“That is something that we think we need to have,” Mr. Powell said. “We think we need to have softer labor market conditions, as well.”
Fed officials believe that the cost is worth it. Leaving inflation unchecked could allow it to become a more permanent feature of the economy. If workers begin to expect prices to increase sharply year after year, they are likely to demand faster pay increases. Businesses would most likely pass that expense along to customers in the form of higher prices, spurring an unhealthy upward spiral.
If inflation became a given in everyday economic life, it might prove harder to stamp out. The Fed allowed uncomfortably quick inflation to continue throughout the 1970s, and it only waned after the Fed, under then-Chair Paul Volcker, pushed interest rates to double-digit levels in the 1980s, sending unemployment soaring to 10 percent.
Many economists believe that drastic response was necessary because an inflationary psychology had taken hold. Nobody wants to repeat the experience.
In the 1970s, the Fed’s attempts at rate increases did not go far enough and were “insufficient to bring inflation down,” said William English, a former director of the monetary affairs division at the Fed who is now an economist at Yale University.
“That’s what they want to avoid,” he said. “In the end, higher inflation isn’t acceptable — you are going to have to bring it down.”
But to lower growth enough to tame price increases, officials think that rates will need to climb notably. Their 2022 forecasts imply that rates could rise by three-quarters of a point at the next meeting, then half a point at the Fed’s December gathering. That is higher than many on Wall Street had been expecting before the meeting, and far more action than what markets had bet on as recently as a few weeks ago.
And policymakers plan to keep going. Central bankers now expect to lift borrowing costs to 4.6 percent by the end of 2023, their fresh projections showed, up from an estimate of 3.8 percent in June. Fed officials do expect to begin lowering rates in 2024, but they anticipate bringing them down slowly.
Given that central bankers are gearing up to push rates to levels not seen since before the 2008 financial crisis, Ms. Misra said she was surprised to see that they did not project an even higher unemployment rate.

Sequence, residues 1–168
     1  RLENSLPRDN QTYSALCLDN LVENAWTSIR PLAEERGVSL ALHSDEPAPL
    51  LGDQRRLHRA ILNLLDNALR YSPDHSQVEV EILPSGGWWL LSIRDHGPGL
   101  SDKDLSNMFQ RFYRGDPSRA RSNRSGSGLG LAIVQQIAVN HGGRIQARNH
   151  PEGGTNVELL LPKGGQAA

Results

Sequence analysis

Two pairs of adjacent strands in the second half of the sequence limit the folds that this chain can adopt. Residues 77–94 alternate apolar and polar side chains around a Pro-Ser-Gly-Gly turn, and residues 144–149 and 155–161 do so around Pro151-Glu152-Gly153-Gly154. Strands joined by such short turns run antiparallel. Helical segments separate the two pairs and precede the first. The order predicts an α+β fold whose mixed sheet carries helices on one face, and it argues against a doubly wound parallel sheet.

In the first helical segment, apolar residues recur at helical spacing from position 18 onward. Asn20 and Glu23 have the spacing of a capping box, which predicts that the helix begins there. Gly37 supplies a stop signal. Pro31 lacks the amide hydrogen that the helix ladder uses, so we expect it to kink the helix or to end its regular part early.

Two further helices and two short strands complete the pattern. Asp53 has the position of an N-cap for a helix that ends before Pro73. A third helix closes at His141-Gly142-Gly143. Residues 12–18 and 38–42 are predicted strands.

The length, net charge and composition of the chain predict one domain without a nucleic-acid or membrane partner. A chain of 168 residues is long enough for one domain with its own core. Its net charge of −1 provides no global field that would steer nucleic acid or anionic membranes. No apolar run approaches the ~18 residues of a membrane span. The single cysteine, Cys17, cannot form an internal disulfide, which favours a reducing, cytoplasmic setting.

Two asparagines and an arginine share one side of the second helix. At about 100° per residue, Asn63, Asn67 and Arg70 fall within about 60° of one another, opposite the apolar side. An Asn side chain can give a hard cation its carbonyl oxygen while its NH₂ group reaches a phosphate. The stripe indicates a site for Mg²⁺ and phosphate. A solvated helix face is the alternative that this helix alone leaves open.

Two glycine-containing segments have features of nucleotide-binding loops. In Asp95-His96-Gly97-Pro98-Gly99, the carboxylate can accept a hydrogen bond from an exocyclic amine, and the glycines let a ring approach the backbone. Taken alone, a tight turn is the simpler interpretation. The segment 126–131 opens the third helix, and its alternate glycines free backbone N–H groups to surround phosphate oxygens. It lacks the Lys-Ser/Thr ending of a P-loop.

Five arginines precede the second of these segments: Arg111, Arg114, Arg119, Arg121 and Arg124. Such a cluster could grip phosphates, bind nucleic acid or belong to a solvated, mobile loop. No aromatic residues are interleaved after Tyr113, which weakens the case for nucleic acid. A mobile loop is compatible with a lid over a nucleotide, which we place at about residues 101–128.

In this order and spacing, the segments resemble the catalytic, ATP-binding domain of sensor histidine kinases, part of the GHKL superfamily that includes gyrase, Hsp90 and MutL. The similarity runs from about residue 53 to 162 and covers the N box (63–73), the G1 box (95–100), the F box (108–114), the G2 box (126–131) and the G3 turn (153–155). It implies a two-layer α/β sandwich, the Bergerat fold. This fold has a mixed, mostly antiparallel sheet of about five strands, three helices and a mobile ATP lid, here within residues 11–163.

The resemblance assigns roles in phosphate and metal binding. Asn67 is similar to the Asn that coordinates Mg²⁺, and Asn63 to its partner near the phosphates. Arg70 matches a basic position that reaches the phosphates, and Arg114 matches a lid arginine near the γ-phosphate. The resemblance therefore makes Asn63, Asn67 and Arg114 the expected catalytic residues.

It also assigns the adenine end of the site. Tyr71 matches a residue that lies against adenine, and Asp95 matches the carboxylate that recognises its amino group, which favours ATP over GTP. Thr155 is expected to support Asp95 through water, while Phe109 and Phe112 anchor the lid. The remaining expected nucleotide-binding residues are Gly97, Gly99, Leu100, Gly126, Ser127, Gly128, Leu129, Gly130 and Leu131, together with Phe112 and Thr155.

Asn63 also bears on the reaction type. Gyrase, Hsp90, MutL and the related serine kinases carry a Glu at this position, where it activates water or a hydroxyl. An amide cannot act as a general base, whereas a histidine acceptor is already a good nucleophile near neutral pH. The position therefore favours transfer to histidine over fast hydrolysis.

Joblessness that climbs to 4.4 percent, as central bankers projected, would undeniably be painful. Omair Sharif, founder of Inflation Insights, calculated that it would amount to about 1.2 million more unemployed people. But it would be relatively mild given the scope of the tightening the central bank is projecting. In the 2008 recession, unemployment rose to 10 percent.
Mr. Powell acknowledged as much, saying that officials are hoping nascent supply chain improvements and the large number of unfilled job openings will give the economy a buffer, allowing inflation to cool without kicking a lot of people out of work.
Markets seemed to briefly take those unemployment projections as a sign that the Fed might not act drastically and would avoid tanking the economy and asset prices. Stock prices jumped for a time as Mr. Powell spoke. But they ultimately declined again as investors digested his broader message: While the Fed might be hopeful in its projections, it is committed to wrestling inflation lower even if its hopes fail to pan out.
“It would be nice if there was a way to just wish it away, but there isn’t,” Mr. Powell said of inflation. “We have to get supply and demand back into alignment, and the way we do that is by slowing the economy.”
That somber tone was a subtle but important shift for Mr. Powell. The Fed chair has a history of emphasizing the bright side of the economic story — last year he often stressed reasons that inflation might prove short-lived, and earlier this year he laid out reasons that the Fed might be able to achieve a soft landing in which inflation comes down without a recession.
But on Wednesday, he explained that while there are reasons to hope that the job market fallout from higher rates may not be extremely painful, “in any case, our job is to deliver price stability.”
When asked about housing, he explained that a painful correction may be needed to restore balance to the market. And when questioned about shelter inflation, which has been pushing overall price increases higher, he emphasized that it may remain high for a while.
“Hope for the best,” Mr. Powell said. “Plan for the worst.”